Only a fraction of conventional row crop farmers grow cover crops after harvest, but a new global analysis from the University of Illinois shows the practice can boost soil microbial abundance by 27%.
The result adds to cover crops’ reputation for nitrogen loss reduction, weed suppression, erosion control, and more. Although soil microbial abundance is less easily observed, it is a hugely important metric in estimating soil health.
“A lot of ecological services are done by the soil microbiome, including nutrient cycling. It’s really important to understand how it functions and how agriculture can form a healthier soil microbiome,” says Nakian Kim, doctoral student in the Department of Crop Sciences at the University of Illinois and lead author on a new paper in Soil Biology and Biochemistry.
Other studies have shown benefits of cover cropping on the soil microbial community, but most of them have been one-offs influenced by specific site conditions, unique seasonal effects, idiosyncratic management regimes, and the researchers’ chosen analysis methods. Kim’s work is different in that he looked for universal patterns among dozens of these one-off studies.
“Our analysis shows that across 60 field studies, there was a consistent 27% increase in microbial abundance in fields with cover crops versus no cover crops. It’s across all these studies from around the world,” says Maria Villamil, associate professor in crop sciences and co-author on the paper.
The research team performed a search of the existing studies on cover crops, and wound up with some 985 scientific articles. Of these, they only kept studies that directly compared cover crops and bare fallow soils, and omitted studies conducted in greenhouses or that treated crop residues as cover crops. They also ensured that the studies were statistically sound, with reasonably large sample sizes. In the end, they mined and reanalyzed data from 60 studies reporting on 13 soil microbial parameters.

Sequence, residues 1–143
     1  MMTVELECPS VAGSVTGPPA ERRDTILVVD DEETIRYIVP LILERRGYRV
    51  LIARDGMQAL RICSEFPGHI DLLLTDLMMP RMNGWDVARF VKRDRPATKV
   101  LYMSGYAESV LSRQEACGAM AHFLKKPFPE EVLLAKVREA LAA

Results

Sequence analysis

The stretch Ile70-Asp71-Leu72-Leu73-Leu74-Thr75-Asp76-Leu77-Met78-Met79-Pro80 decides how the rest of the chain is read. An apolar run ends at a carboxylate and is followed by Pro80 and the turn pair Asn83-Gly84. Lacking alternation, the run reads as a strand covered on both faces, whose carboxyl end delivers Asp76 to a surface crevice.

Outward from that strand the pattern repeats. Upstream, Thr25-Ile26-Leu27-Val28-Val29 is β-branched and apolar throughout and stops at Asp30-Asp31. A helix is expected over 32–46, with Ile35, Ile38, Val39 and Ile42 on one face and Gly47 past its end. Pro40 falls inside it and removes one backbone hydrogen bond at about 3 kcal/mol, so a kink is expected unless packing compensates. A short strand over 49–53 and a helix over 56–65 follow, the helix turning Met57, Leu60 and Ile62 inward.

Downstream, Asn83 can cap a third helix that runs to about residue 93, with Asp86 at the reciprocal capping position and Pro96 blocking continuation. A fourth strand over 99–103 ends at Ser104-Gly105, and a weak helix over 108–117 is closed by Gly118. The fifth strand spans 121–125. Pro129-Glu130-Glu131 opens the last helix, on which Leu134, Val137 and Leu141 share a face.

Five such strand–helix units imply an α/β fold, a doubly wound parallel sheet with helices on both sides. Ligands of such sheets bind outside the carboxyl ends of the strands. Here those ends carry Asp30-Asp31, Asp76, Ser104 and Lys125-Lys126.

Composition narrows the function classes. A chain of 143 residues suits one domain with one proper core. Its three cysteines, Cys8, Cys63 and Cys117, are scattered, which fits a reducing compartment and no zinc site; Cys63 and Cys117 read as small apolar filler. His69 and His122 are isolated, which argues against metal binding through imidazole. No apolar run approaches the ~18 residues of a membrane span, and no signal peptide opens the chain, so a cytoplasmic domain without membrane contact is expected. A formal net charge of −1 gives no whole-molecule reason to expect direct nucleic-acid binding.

“That’s why the criteria of selection had to be so strict. We wanted to compare studies that were solid, and with enough replications that we could make valid claims about global patterns,” Villamil says.
“For me, it was surprising to see the consistent, positive effect of cover crops — surprising but good. Finally! … the microbiome, that’s where it’s at. That’s how everything is related. Thanks to this work, I have something to look forward to when I put in cover crops, and have generated many more questions in need of research,” Villamil remarks.